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The words on the March Biznology newsletter are barely dry before we start seeing a whole new side of the click fraud wars—order in the court! Two notable lawsuits have been filed to make case law where there is no written law.

The first story is actually an old story—but it was not widely reported back in November when it happened. CNET reports that Google has filed suit against a company allegedly perpetrating click fraud. Many people predicted this one coming, but it is not clear if click fraud is illegal, or whether it is solid grounds upon to which to win a lawsuit.
Most people would consider click fraud unethical, but despite the word “fraud” in its name, it’s not clear that it breaks any laws. Click fraud artists are clicking on Web pages to cause per-click fees to be charged when they have no intention of ever buying the item being marketed, but it’s not clear that there is any duty for Web surfers to be serious buyers in order to click a hypertext link. You could just as easily argue that radio listeners are defrauding advertisers if they listen to the programs but don’t buy anything advertised. The point is that neither radio listeners nor Web surfers are obligated to ever buy anything advertised within the content they consume. I am no lawyer (I don’t even play one on TV), but I wonder if just because the content provider expects people to buy something whether that is enough for a court to find fraud.
The second case may be the more interesting one for search marketers. A potential class-action suit was filed back in February against Google, Yahoo!, Ask Jeeves, and others on behalf of paid placement advertisers. The suit is currently undergoing certification as a class-action lawsuit, which, if successful, would allow any search marketer that met certain court-prescribed criteria to join the lawsuit as a plaintiff.
This case argues that the defendants (the search engines) should be liable for damages because they have failed to prevent click fraud. From my reading of the news reports, it appears that the engines are being charged as conspirators, which seems like stretch to me. You could imagine a court possibly finding for the plaintiffs on grounds of negligence—where the search engines are found to have been lax in policing click fraud to the detriment of customers to whom they have promised a service.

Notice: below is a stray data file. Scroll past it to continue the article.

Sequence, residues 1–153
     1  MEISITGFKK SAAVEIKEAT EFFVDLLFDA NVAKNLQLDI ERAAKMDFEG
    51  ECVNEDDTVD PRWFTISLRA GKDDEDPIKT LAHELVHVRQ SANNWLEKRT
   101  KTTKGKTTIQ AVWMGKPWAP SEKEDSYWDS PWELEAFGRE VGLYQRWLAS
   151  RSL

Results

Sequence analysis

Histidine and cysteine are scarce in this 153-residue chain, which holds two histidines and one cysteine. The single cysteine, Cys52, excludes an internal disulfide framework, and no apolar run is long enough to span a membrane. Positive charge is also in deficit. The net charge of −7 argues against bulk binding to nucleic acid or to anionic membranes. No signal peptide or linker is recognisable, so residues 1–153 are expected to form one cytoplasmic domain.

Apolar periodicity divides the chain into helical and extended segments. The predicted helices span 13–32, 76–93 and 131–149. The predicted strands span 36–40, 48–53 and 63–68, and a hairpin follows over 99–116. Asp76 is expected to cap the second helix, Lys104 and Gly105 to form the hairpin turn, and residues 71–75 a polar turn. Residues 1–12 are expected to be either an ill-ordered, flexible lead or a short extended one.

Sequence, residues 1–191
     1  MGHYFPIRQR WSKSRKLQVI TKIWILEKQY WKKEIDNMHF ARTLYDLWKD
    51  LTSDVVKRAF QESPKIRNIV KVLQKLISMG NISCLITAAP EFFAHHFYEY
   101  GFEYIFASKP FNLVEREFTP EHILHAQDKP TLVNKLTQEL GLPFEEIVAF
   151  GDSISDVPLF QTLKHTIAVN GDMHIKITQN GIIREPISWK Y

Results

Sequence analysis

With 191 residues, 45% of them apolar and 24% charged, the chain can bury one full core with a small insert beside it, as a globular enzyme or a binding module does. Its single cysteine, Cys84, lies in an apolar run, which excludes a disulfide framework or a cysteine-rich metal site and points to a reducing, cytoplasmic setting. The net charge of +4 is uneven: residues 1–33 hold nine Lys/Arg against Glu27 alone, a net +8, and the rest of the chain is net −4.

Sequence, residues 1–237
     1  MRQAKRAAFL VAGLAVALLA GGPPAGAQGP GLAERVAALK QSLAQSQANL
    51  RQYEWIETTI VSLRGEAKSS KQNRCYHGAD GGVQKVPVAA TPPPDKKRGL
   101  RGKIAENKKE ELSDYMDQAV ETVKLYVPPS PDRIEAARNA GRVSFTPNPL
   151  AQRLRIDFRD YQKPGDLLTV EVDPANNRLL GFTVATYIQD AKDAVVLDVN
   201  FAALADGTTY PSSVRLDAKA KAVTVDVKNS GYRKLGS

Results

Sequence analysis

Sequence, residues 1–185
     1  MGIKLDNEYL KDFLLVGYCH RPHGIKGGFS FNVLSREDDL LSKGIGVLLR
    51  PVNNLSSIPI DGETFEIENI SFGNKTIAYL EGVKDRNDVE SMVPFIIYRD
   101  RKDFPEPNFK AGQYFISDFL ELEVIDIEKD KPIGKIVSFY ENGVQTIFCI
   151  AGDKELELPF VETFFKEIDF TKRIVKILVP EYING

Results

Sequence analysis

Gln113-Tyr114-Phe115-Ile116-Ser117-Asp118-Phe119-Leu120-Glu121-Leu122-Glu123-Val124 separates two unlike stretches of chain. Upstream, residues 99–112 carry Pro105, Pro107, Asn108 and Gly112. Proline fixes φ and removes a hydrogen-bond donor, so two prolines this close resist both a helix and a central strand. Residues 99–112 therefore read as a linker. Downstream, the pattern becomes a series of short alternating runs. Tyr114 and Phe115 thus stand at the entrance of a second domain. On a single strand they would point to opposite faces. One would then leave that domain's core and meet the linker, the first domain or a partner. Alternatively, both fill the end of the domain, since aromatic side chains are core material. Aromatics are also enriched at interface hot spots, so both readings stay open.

But conspiracy? Hard to imagine that the search engines all got together and looked the other way as click fraud occurred, or worse, were parties to perpetrate the fraud in the first place. And even if they did (which I don’t believe for a minute), how could anyone prove it in court? Conspiracies are notoriously difficult to prove—you see racketeering cases drag on for months in the face of thousands of mind-numbing details. Can you imagine the e-mails that would be subpoenaed if this case goes forward?
Again, I am no legal eagle, but I think this case is not the one we are waiting for. Let’s see what happens when a class-action negligence case is filed. We probably don’t have to wait very long for it. In fact, it may have been filed already—both of these cases were filed for weeks before they drew wide publicity.
As I said in the March Biznology newsletter, I think that the whole per-click model is the real problem. Maybe changing the market to pay-per-action would take the incentive for fraud away, so that the market can solve the problem instead of the courts.

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Mike Moran

About Mike Moran

Mike Moran has a unique blend of marketing and technology skills that he applies to raise return on investment for large marketing programs. Mike is a former IBM Distinguished Engineer and a senior strategist at Converseon, Revealed Context, and SoloSegment. Mike is the author of three books on digital marketing and is an instructor at Rutgers Business School. He is a member of the Board of Directors of SEMPO, a Senior Fellow at the Society for New Communications Research, and a Certified Speaking Professional.

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